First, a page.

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Tuesday, September 13, 2022

Reinforcement Learning Aids Fusion Control

Linking AI Methods to  Nuclear fusion energy. 

Exploring Reinforcement Learning to Control Nuclear Fusion Reactions

Carnegie Mellon University News

Aaron Aupperlee, September 8, 2022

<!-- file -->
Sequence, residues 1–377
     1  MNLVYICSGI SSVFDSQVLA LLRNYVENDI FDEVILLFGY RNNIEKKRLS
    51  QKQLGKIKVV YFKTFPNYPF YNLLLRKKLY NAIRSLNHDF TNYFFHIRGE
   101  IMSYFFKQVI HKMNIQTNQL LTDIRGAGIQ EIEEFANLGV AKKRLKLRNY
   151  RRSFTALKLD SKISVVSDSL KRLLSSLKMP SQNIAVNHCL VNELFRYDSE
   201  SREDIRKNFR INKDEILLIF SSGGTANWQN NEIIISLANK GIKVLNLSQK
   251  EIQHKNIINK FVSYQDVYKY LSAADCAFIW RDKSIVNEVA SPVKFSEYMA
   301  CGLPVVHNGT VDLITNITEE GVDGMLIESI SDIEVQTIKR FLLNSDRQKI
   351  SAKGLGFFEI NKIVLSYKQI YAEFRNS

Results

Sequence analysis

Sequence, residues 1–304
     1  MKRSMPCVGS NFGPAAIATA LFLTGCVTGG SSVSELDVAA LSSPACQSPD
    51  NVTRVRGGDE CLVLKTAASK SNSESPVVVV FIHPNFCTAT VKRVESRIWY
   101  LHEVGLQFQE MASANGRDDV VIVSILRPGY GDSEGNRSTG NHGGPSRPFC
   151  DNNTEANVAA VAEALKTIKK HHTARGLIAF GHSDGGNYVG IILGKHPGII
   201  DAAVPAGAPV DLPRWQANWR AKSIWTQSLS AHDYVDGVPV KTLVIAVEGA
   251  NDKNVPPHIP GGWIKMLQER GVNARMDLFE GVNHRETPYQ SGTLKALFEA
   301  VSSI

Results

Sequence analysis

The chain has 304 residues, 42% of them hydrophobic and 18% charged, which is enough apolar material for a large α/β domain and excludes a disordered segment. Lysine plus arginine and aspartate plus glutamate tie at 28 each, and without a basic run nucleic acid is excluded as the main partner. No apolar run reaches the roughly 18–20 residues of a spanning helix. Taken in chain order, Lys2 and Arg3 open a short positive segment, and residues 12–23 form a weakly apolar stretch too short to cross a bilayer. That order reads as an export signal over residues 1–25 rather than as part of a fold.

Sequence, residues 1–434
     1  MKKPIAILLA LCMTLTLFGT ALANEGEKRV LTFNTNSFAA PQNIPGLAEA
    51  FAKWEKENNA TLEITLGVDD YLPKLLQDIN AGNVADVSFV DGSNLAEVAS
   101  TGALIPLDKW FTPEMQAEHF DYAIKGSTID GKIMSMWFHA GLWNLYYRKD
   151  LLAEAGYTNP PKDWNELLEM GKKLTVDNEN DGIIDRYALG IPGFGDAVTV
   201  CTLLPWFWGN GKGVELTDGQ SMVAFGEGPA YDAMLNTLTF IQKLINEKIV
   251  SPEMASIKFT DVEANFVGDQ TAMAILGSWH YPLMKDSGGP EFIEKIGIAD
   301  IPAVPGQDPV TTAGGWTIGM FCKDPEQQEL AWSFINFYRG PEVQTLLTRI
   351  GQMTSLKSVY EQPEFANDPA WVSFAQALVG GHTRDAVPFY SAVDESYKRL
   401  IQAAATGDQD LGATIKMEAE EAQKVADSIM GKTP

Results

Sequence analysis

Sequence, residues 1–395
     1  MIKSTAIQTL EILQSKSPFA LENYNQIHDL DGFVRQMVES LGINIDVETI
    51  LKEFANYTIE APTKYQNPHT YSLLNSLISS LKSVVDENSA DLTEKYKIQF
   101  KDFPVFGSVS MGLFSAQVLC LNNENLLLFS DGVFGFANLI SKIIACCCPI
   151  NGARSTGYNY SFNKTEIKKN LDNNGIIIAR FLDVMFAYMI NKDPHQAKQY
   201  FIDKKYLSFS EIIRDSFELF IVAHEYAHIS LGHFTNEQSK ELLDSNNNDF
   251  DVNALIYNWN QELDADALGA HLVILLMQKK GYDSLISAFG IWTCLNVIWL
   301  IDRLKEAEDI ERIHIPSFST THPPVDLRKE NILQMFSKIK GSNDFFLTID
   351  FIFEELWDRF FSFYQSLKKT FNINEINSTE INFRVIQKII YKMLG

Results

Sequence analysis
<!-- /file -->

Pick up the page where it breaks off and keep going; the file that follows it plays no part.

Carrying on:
Carnegie Mellon University (CMU) doctoral candidate Ian Char, the first CMU researcher to run an experiment on the DIII-D National Fusion Facility's tokamak machine, demonstrated that reinforcement learning algorithms can control the rotation of the machine's hydrogen plasma. Char developed two algorithms: one was trained using data from the tokamak on how the plasma reacts, while the other calculates the rate and direction at which to add hydrogen particles to affect the speed of the plasma's rotation. Said CMU's Jeff Schneider, "This work shows a path to using reinforcement learning to control other parts of the plasma state and ultimately achieve the temperatures and pressures long enough to have a power plant. That would mean limitless, clean energy for everyone."

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